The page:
1907 Stanton1987

Jeffrey Stanton Venice of America: 'Coney Island of the Pacific,' Donahue Publishing: Los Angeles, CA, 1987, 176 pp., 1920s, 1911, 1908, 1907

Chapter 2: Coney Island of the Pacific (1907-1912)

     "In the spring of 1907, Venice of America and Ocean Park, two sections of the city with opposing business interests were experiencing a series of muted differences. Neither the Marine Street businessmen led by G.M. Jones in Ocean Park, nor the Kinney people in Venice dared risk an open feud because it would be bad for business. The basic problem was that two rival communities were growing up in one municipality.

     "Venice in 1907 was part of the city of Ocean Park which had previously dis-incorporated from the city of Santa Monica several years before. The issue had been over differences in attitudes among Santa Monica citizens dealing with gambling and serving alcoholic beverages in the Ocean Park pier district.

     "There was a power struggle going on between Kinney and Ocean Park's five man Board of Trustees, two of whom were his ex-partners. At first their tactics were subtle; they provided less than adequate police, fire protection and garbage collection in the Venice of America area. When the citizens passed a bond issue to finance the City Hall, Kinney offered several land parcels that would have been fairly central to the community. Instead the trustees accepted a 10 acre site offered by David Evans, a partner of Mayor Burke. The land was in Venice's outback . . . Despite an unofficial straw vote by the property owners in favor of an alternative site, the Trustees paid Evans $5,000 for the property and awarded the building contract to a contractor in May.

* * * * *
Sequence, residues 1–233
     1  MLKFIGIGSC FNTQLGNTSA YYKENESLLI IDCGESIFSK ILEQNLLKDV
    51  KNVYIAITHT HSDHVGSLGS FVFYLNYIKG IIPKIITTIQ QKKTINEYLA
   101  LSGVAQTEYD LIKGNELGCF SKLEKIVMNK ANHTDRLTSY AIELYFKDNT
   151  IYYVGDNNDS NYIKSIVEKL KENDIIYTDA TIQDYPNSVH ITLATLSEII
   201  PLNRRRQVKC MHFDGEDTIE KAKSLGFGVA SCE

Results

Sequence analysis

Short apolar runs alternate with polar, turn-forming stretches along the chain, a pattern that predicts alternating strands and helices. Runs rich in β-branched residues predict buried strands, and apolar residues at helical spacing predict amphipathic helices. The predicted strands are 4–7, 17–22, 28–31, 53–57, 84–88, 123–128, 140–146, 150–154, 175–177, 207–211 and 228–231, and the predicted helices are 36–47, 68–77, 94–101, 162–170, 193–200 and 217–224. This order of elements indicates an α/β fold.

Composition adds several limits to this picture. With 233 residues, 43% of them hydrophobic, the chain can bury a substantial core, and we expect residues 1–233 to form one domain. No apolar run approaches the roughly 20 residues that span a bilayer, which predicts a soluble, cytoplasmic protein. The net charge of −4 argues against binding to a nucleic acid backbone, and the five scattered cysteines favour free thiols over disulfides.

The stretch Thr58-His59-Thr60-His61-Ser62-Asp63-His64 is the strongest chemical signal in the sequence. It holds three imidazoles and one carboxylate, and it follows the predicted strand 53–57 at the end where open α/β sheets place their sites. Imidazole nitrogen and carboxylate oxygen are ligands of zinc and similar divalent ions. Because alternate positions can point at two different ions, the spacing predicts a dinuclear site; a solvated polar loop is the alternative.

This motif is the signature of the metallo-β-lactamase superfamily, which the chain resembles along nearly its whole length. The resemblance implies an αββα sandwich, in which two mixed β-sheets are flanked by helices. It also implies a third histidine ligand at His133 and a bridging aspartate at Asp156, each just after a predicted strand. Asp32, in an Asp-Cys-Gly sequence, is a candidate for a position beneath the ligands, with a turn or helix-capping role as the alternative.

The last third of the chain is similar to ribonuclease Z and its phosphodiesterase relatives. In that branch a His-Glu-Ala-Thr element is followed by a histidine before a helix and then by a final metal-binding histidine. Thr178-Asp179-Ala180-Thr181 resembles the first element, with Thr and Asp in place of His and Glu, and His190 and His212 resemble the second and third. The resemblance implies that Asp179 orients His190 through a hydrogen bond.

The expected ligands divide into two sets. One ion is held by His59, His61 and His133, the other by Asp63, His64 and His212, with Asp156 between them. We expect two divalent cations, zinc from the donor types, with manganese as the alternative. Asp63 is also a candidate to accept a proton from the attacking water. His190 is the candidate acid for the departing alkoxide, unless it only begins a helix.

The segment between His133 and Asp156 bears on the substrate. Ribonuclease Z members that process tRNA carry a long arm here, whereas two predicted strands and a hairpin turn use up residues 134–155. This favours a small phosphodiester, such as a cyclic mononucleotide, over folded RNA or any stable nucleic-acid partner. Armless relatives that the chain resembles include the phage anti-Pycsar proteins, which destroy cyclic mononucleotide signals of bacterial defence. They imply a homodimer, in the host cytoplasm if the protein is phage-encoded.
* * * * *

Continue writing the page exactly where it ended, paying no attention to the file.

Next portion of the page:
"Meanwhile Kinney . . . decided to consolidate . . . his two amusement areas . . . on the beach.

     "When he applied for a construction permit for his bath house, the Board of Trustees refused to act. Several of them, who owned the Ocean Park Bath house, a mile north of Windward Avenue, were accused of being afraid of the competition. . . . Kinney . . . ordered his men to pour the concrete foundations for his new bathhouse." p. 36

     "The Trustees were infuriated. They immediately pulled the licenses for Kinney's tent city, and ordered it removed. His liquor licenses were revoked, dancing was banned in the pier ballroom, and Marshall G.G. Watt was instructed to remove the foundation of the bathhouse by whatever means possible.

     "The bathhouse foundation was scheduled for demolition by dynamite on Monday, June 10, 1907, a day when the beach crowds would be gone. Marshall Watt posted the necessary warning signs. But early that morning women and children began arriving with picnic baskets. At 9:30 a.m. Watt ordered them to disperse-they didn't move. Soon more than 200 women, mostly from the Pick and Shovel Club, a civic club of which Mrs. Kinney was an ardent supporter, were picnicking on the uncompleted walls . . .

     "George Culver, city street superintendent, who was to perform the demolition, . . . at noon gave up . . . and the city Trustees did not attempt to demolish it again.

     " . . . the incident focused attention on Jones' boss rule and the corrupt Board of Trustees.

     "Kinney's strategy was to dis-incorporate . . .

     " . . .

     " . . . the dis-incorporation election was held on September 30, 1907. . . The election was fought bitterly by both sides." p.31

     "Ocean Park forces won a hollow victory. Although Kinney's supporter's were clearly dominant, 206 to 176, they couldn't muster the necessary two thirds majority to dis-incorporate. The city government began to fall apart shortly thereafter, as several Trustees resigned under duress for their involvement in police department corruption. Kinney got his revenge in the 1908 spring elections. His Good Government League candidates forced the remainder of the Ocean Park supported Trustees out of office and controlled the Board of Trustees into the early 1920's.

     "It would be another three years, in another election before voters would finally change the name of their city officially to Venice. By 1911, . . . " p.33

     [In 1907 a concert by Placido Gilgi's sixteen piece band at Kinney's Midway Plaisance, where all the buildings had been painted white. "The attractions included Leora's trapeze act, and Tarasca's daring bicycle ride in which he rode down a steep ramp to gain enough speed to leap through a circle of fire, then across a 36 foot wide gap.] p. 33

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 Kelyn Roberts 2017